Topics 5 - 6 - Cross Examination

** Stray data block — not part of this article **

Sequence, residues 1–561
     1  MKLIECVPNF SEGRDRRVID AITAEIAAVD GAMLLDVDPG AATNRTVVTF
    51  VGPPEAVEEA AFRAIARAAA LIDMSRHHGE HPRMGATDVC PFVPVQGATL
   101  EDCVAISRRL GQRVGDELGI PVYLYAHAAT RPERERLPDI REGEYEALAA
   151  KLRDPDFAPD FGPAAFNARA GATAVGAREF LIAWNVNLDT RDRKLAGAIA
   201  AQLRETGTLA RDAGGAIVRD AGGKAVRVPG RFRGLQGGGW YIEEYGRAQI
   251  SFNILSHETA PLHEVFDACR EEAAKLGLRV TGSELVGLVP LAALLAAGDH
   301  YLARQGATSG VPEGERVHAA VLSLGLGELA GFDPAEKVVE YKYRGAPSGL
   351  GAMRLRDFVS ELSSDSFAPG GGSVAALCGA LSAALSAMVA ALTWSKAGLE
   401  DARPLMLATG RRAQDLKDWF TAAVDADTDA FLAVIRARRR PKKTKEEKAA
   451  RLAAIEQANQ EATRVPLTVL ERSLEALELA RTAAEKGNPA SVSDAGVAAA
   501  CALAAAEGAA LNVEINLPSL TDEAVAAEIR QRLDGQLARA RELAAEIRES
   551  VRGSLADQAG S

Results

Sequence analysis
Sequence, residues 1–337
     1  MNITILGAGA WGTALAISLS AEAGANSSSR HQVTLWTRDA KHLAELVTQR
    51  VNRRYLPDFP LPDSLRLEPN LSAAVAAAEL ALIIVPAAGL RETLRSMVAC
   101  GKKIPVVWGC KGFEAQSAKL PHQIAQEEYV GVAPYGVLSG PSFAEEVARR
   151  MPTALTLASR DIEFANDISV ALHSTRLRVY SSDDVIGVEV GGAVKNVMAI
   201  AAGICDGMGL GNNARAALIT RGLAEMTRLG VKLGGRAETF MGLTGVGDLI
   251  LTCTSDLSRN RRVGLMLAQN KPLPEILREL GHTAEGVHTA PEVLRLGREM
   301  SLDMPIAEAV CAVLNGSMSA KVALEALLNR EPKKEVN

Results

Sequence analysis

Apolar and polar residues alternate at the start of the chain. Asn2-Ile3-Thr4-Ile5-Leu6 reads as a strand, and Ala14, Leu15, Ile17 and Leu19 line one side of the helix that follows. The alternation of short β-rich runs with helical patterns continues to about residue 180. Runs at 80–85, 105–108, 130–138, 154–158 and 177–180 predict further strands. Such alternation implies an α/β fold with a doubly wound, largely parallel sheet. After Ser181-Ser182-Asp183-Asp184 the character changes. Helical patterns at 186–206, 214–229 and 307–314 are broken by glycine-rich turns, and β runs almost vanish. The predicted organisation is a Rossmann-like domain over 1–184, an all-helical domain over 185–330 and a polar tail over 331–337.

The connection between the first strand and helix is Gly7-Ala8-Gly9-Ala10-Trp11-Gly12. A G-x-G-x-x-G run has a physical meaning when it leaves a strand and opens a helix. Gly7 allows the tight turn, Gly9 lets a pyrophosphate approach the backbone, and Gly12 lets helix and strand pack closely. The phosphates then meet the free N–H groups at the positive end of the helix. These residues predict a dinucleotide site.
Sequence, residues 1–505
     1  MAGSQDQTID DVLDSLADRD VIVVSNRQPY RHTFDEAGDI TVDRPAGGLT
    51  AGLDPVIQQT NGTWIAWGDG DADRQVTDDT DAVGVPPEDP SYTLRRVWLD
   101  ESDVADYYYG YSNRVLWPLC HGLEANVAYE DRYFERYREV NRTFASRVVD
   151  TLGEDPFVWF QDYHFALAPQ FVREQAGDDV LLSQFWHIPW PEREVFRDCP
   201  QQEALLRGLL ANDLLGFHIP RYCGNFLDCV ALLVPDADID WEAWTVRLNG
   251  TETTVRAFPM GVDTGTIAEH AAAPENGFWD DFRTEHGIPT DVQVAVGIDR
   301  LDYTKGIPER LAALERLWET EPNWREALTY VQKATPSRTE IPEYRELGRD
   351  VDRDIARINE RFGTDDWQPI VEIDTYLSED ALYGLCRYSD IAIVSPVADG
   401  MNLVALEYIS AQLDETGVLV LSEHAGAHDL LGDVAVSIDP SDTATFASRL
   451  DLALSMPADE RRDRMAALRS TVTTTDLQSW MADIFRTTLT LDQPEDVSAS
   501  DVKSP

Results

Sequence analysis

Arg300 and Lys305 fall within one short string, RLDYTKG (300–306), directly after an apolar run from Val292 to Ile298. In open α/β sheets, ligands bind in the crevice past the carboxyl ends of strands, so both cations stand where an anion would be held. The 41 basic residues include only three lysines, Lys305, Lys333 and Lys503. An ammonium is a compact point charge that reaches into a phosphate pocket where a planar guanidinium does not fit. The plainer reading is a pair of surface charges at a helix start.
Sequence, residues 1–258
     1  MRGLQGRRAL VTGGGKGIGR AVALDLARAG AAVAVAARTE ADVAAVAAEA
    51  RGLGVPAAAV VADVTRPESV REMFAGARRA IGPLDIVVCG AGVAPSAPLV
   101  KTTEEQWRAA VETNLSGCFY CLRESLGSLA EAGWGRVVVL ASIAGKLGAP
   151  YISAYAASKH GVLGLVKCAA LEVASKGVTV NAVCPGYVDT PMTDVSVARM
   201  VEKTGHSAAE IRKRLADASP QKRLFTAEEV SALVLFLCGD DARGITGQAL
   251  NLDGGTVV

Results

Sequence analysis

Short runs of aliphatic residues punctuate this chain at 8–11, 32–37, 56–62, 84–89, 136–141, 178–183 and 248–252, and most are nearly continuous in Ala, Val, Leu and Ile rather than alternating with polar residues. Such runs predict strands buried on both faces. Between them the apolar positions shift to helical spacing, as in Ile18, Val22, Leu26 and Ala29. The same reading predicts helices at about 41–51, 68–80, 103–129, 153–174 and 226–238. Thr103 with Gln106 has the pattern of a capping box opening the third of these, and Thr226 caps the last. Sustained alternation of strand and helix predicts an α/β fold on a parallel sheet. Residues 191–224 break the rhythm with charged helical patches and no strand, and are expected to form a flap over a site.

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  L WB 432 S ARAH F YNES -C LINTON  T OPIC 5   &   6   –   C ROSS E XAMINATION  P AGE 1 of 17 P HASE C ROSS E XAMINATION   O BJECTS OF C ROSS E XAMINATION   O BJECTS O F C ROSS -E XAMINATION   To obtain evidence to support own case. To qualify, weaken or destroy evidence in chief. Where necessary, to attack the credit of the witness.    nb s 16 which allows questions re previous convictions of the witness.    however if the witness is the accused, s 15 must be complied with. C ROSS -E XAMINATION -V-   E XAMINATION I N C HIEF :    2 immediate differences: (1)   The general prohibitions on asking leading questions - leading questions MAY be asked: McClure v Mitchell .    BUT note: despite the cross-examiner being able to ask leading questions, questions which make unadmitted assumptions may not be put.    Nor questions which misstate the effect of evidence given earlier. (2)   Questions w hich attack a witness‟s credit.   C REDIT   A witness may be asked not only as to facts in issue, or directly relevant thereto, BUT ALL questions which though otherwise irrelevant, tend to impeach his or her credit. Note that, in criminal cases, a trial judge may limit the prosecution in regard to its cross examination of the accused (and this ruling potentially extends to defence witnesses): R v Chin  One reason why it is not fair to the accused to be cross examined on matters (of guilt) not raised in the p rosecution‟s case is that, in deciding whether to give evidence or not, the accused expected only to be cross examined on the case presented by the prosecution, not entirely new matters: Biddle v The Queen   Previous Convictions:    s 16 QEA allows Counsel to cross examine a witness regarding previous convictions, and if they deny a conviction, to prove it. s 16 Witness may be questioned as to previous conviction Subject to this Act, a witness may be questioned as to whether the witness has been convicted of any indictable or other offence and upon being so questioned, if the witness either denies the fact or refuses to answer, it shall be lawful for the party so questioning to prove such conviction.   Limitations: QEA - section 20 & 21 - seek to restrain cross-examination as to credit on remote matters or by way of questions that are scandalous or offensive S 20 QEA –  Cross Examination as to Credit Judicial discretion re whether or not witness compelled to answer question    The question will be disallowed if matter:    is so remote in time, or      of such nature an admission of truth wouldn‟t materially affect credit of witness    L WB 432 S ARAH F YNES -C LINTON  T OPIC 5   &   6   –   C ROSS E XAMINATION  P AGE 2 of 17 S 21 QEA –  Improper Questions Entitles a court to disallow a question if the court considers that it is an improper question: (1) The decision whether a question is improper allows the court to take into consideration: (2)    any mental, intellectual or physical impairment of the witness: (a)    or any other matter about the witness the court considers relevant, including age, education, level of understanding, cultural background or relationship to any party in the proceedings: (b) In (4), improper question is defined as a question that uses inappropriate language, or is misleading, confusing, annoying, harassing, intimidating, offensive, oppressive or repetitive. Where questions deliberately insulting, annoying or scandalous, judge has duty to forbid question. Making an Objection: Objection Your Honour, counsel is asking unnecessarily annoying, intimidating or repetitive questions, and they should, in my respectful submission, be disallowed pursuant to s 21 of the QEA.   s 15A QEA –  Disallows questions re convictions which are remote in time 15A Questioning of witness as to certain convictions  A witness in any criminal or civil proceeding shall not be asked and if asked shall not be required to answer any question tending to show that the witness has committed or been convicted of or been charged with any offence if, where the witness has been convicted of the offence-- (a)   the conviction is one in relation to which a rehabilitation period is capable of running pursuant to the Criminal Law (Rehabilitation of Offenders) Act 1986; and (b)   in relation to the conviction the rehabilitation period within the meaning of that Act is not running at the time of the criminal or civil proceeding; unless the permission of the court to ask the question has first been obtained, such permission to be applied for in a trial by jury in the absence of the jury. s 15 QEA –  Accused giving evidence in his/her own defence provides for cross examination on previous convictions that aren‟t the subject of the trial, only in exceptional circumstances Admissibility: The usual rules of admissibility apply on cross-examination, eg., the hearsay rule. L EADING Q  UESTIONS   Leading questions may, in general, be asked. But where they will not be allowed: Mooney v James allowance is based on the assumption that the W’s partisanship plus the circumstances that he is being Questioned by an adver  sary, will produce a state of mind what will protect against suggestibility If W show bias towards the party against who he’s called, direct leading Questions may as a matter of discretion be forbidde n Judge must give his reasons for disallowing leading questions D UTIES O N C OUNSEL I N C ROSS E XAMINATION   Counsel has a duty not to pursue irrelevant or fruitless lines of cross-examination: Wakely and Bartling   But also note: the trial judge has a duty not to unduly restrict, ie must allow counsel to develop lines of examination  L WB 432 S ARAH F YNES -C LINTON  T OPIC 5   &   6   –   C ROSS E XAMINATION  P AGE 3 of 17 Wakeley and Bartling (1990) The accuseds were charged with drug offences. 4 police searched their house and found heroin in one of the shoes of the accused. One of the police involved in the search died of a heroin overdose that night. It was the subject of a ruling by the trial judge that the defence could not pursue cross examination about the death of the police man. On appeal it was allowed because they recognized that a trial judge has to exercise a certain amount of restraint and recognise the above duty The applicants sought special leave to appeal against their conviction on various counts relating to trafficking and possession of heroin. Each applicant complains of the trial judge’s refusal to allow cross -examination into the death of a detective where the blood of the deceased contained opiates and the possible inference was open that he had access to illicit drugs such that the investigation he led against the accused persons may have been tainted. HELD:   A trial judge must abstain from too ready an intervention to cut off lines of cross examination Some leeway should be allowed to counsel to perform his duty, where warranted, of testing the evidence given by an opposing witness. Only where counsel’s discretion is not being properly exercised s hould the judge intervene. R v Chin  (1985) Cross examination not confined to matters led in chief. No reason why Crown should not lead in cross examination evidence which relates solely to its own cases. Judge retains discretion to prevent unfair cross-examination . Generally unfair for Crown to raise some entirely new matter affirmatively probative of guilt which hadn’t been led at commit tal or in chief, unless the accused had been given prior notice. BUT there may be matters peculiarly in the knowledge of an accused which the prosecution cannot be precluded from establishing in cross-examination if the accused goes into the witness box . GIBBS CJ & WILSON J:   A cross-examiner is entitled to ask questions to establish matters relevant to issues whether or not the witness has deposed to such matters in his examination in chief (that is questions put in cross examination are not restricted to matters raised in examination in chief). The trial judge, of course, retains his discretionary powers to ensure that the cross-examination is not unfair. In general, it would be unfair to raise, (re: criminal cases) in cross-examination, some entirely new matter which was affirmatively probative of the guilt of the accused but which had not been the subject of evidence either at committal proceedings or in the prosecution’s case in chief, unless the accused had been given prior notice of such matter. DAWSON J: There is no requirement that notice be given of the evidence which the prosecution intends to attempt to elicit during cross-examination and if the defence is alerted by notice to the fact that the prosecution intends to attempt to prove some matter by additional evidence, the notice will almost certainly refer to the calling of additional evidence in the prosecution case rather than during cross-examination. Nevertheless, such a notice may be of significance in determining whether questions asked during cross-examination constitute an unfair attempt to elicit evidence for the first time at that stage. It may be sufficient to alert the defence to some matter upon which the accused or his witnesses may be questioned if they are called to give evidence.  All of these considerations, and no doubt others to which I have not adverted, will bear upon the exercise by a trial judge of his discretion to disallow cross-examination by the prosecution for the purpose of adducing evidence which could and should have been tendered during the presentation of the prosecution case. Necessarily, the discretion is not as confined, or cannot be as rigorously applied against the prosecution, as in the case of an application by the prosecution to call evidence by way of reply when only exceptional circumstances will justify the granting of the application. Note: ss 21L –  21S QEA  regarding cross examination of protected witnesses.  s 4 Criminal Law (Sexual Offences) Act 1984  regarding improper subject matter for the cross examination of the victim of a sexual offence.   C ROSS -E XAMINATION A S T O C REDIT   G ENERAL R  ULE : CREDIT means that - “if what is insinuated is admitted by [the witness] that may suggest that he is not a man to be believed upon his oath   - Wren v. Emmett Constructions    L WB 432 S ARAH F YNES -C LINTON  T OPIC 5   &   6   –   C ROSS E XAMINATION  P AGE 4 of 17    McCormick (academic) has identified 5 main lines of attack to a witness‟s credibility:   (1)   by proving that the witness on a previous occasion has made statements inconsistent with his present testimony (2)   by specific contradiction, that is by proving that some statement of fact made by the witness is not true, in that the fact is otherwise (3)   by showing that the witness is biased, by reason of emotional influences such as kinship for one party or hostility to another, or motives of pecuniary interest, whether legitimate or corrupt (4)   by attacking the character of the witness (5)   by showing a defect of capacity in the witness to observe, remember or recount the matters testified about. PP RRIIOORR  II NNCCOONNSSIISSTTEENNTT  SS TTAATTEEMMEENNTTSS   Previous inconsistent statements of witness (oral OR writing) may be raised & proved as of right, provided content relevant to MAIN FACTS IN ISSUE in case –   s 18 QEA   Section 18  - Proof of previous inconsistent statement of witness  (1)   If a witness upon cross-examination as to a prior inconsistent statement made by him relative to the subject matter of the proceeding and inconsistent with the present testimony does not distinctly admit the making of the statement - proof may be given that the witness did in fact make that statement. (2)   HOWEVER, before such proof can be given, the circumstance of the statement must be mentioned to the witness & he/she must be asked whether they made such statement R  EQUIREMENTS –  S 18(1) 1.   The PIS must be “ relative ”  [has been interpreted to mean relevant] to the subject matter.    thus PIS that is relevant only to the credit of the witness (eg bias) is not admissible under s 18 (see exceptions to the Finality Rule later). 2.   The witness must not “ distinctly admit ”  that they made the statement - interpreted in R v Mursic.     R v Mursic  Accused charged with assaulting and setting fire to his own wife. Wife interviewed by police after the assault. By trial the wife had reconciled with her husband and the Crown did not call her to give evidence. Defence counsel did call her and gave evidence favourable to the accused. In cross examination by the crown it was put to her that she had given this statement to police which was accordance with the crown case. She agreed that she had made a statement to the police but denied that what she told the police was true because she had been ill at the time . Held s 18 permits proof of previous inconsistent statement put to witness upon cross examination if he ‘doesn’t distinctly admit that he has made such statement’   Mrs M never ‘distinctly admitted’ that what was contained in the statement was what she told police.  Justice Connelly    Th e upshot of what she told the jury is that if ‘this or that’ appeared in the statement then she must have said it to the poli  ce; but this after all is an inference she drew from the fact that the statement was in existence rather than from a distinct admission that she made the statement       Therefore the witness had not ‘distinctly admitted’ the statement.  Therefore as she did not distinctly admit to making the statement, it was open to the Crown to prove that she had made it. By virtue of s 18, that statement was admissible of evidence of any fact stated therein of which oral evidence would be admissible. P ROVISO –  S 18(2)